Gas prices have peaked on 11 August, climbing above €200 per megawatt hour (MWh), fuelled by the growing fear of shortages and the increased energy needs during the current heatwave.
On the Dutch TTF gas futures market, commonly used as the reference in Europe, the price of gas climbed 3.8%, reaching highs of over €210 per MWh, the highest level since March, at the start of the war in Ukraine.
High prices are putting an immense strain on European countries as they attempt to fill up their gas reserves in preparation for the winter. Russia has been systematically cutting European countries from supply, demanding payment for new gas contracts in Russian rubles.
Russia has also massively throttled the supply of natural gas, in a move that the G7 says is an attempt to “weaponize” energy supplies and “exploit” its position as an energy producer to “profit from its aggression at the expense of vulnerable countries.” Volumes of gas through the Nord Stream 1 pipeline have dropped to just 20% due to “repairs.”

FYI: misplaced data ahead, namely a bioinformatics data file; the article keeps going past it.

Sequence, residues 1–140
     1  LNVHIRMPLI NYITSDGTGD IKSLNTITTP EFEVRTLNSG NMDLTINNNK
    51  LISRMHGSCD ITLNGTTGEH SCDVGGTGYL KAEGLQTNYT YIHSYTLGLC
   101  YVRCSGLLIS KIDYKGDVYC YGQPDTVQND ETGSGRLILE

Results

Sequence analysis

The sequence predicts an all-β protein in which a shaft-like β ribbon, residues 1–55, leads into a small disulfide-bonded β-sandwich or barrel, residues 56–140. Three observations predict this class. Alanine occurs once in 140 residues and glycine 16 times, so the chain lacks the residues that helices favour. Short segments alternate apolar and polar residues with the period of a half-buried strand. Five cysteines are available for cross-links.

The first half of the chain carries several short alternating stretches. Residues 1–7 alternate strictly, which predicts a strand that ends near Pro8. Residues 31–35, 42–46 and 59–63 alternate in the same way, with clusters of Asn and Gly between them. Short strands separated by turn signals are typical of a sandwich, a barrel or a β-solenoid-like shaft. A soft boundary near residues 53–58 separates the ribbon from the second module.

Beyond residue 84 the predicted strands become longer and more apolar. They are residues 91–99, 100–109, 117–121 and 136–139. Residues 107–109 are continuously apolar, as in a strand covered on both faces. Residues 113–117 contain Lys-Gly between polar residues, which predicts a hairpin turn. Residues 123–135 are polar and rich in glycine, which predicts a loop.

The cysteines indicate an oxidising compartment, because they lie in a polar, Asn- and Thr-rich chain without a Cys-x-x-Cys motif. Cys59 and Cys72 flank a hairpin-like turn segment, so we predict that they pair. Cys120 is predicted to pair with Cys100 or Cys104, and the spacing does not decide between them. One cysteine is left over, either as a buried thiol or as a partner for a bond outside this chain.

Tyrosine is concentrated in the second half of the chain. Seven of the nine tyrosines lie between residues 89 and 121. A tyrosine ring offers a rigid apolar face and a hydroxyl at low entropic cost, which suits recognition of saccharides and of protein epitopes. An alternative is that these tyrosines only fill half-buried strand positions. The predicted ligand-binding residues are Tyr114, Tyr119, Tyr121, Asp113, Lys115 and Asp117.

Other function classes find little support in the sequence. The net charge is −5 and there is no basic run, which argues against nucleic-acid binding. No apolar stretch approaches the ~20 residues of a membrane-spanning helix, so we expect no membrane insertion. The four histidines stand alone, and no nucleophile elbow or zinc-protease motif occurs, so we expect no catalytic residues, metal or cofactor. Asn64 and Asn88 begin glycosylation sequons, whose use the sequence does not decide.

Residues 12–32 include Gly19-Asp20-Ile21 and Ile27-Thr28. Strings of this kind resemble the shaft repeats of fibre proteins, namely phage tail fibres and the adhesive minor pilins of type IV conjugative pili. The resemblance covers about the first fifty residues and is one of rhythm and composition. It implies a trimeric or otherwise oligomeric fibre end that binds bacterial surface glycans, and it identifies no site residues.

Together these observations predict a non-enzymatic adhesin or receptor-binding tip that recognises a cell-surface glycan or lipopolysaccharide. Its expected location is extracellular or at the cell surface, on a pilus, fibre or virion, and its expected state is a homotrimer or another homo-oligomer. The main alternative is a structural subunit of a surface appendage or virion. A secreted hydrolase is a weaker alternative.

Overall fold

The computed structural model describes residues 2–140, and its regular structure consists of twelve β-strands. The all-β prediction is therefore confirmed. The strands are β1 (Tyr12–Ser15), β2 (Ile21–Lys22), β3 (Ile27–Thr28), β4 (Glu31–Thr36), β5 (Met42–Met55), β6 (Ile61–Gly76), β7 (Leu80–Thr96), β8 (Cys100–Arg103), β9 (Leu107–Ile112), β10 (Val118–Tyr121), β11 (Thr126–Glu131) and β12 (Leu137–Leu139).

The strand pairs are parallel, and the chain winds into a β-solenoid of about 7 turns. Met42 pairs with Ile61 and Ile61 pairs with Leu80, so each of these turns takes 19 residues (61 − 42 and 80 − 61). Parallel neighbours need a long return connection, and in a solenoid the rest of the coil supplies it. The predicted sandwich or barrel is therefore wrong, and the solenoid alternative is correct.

Russia’s aggression in Ukraine is not the only factor pushing gas prices to new heights. In Europe, water levels in the Rhine river have reached critical lows, preventing the navigation of certain vessels through its waters. This has frustrated the transportation of coal and other fuels down German waterways, further rising the price of energy.
EU Member States are scrambling to secure supply for the winter heating period. As of Aug 9, the EU has begun to save gas, aiming to reduce gas consumption across the bloc by 15% in a bid to curb demand.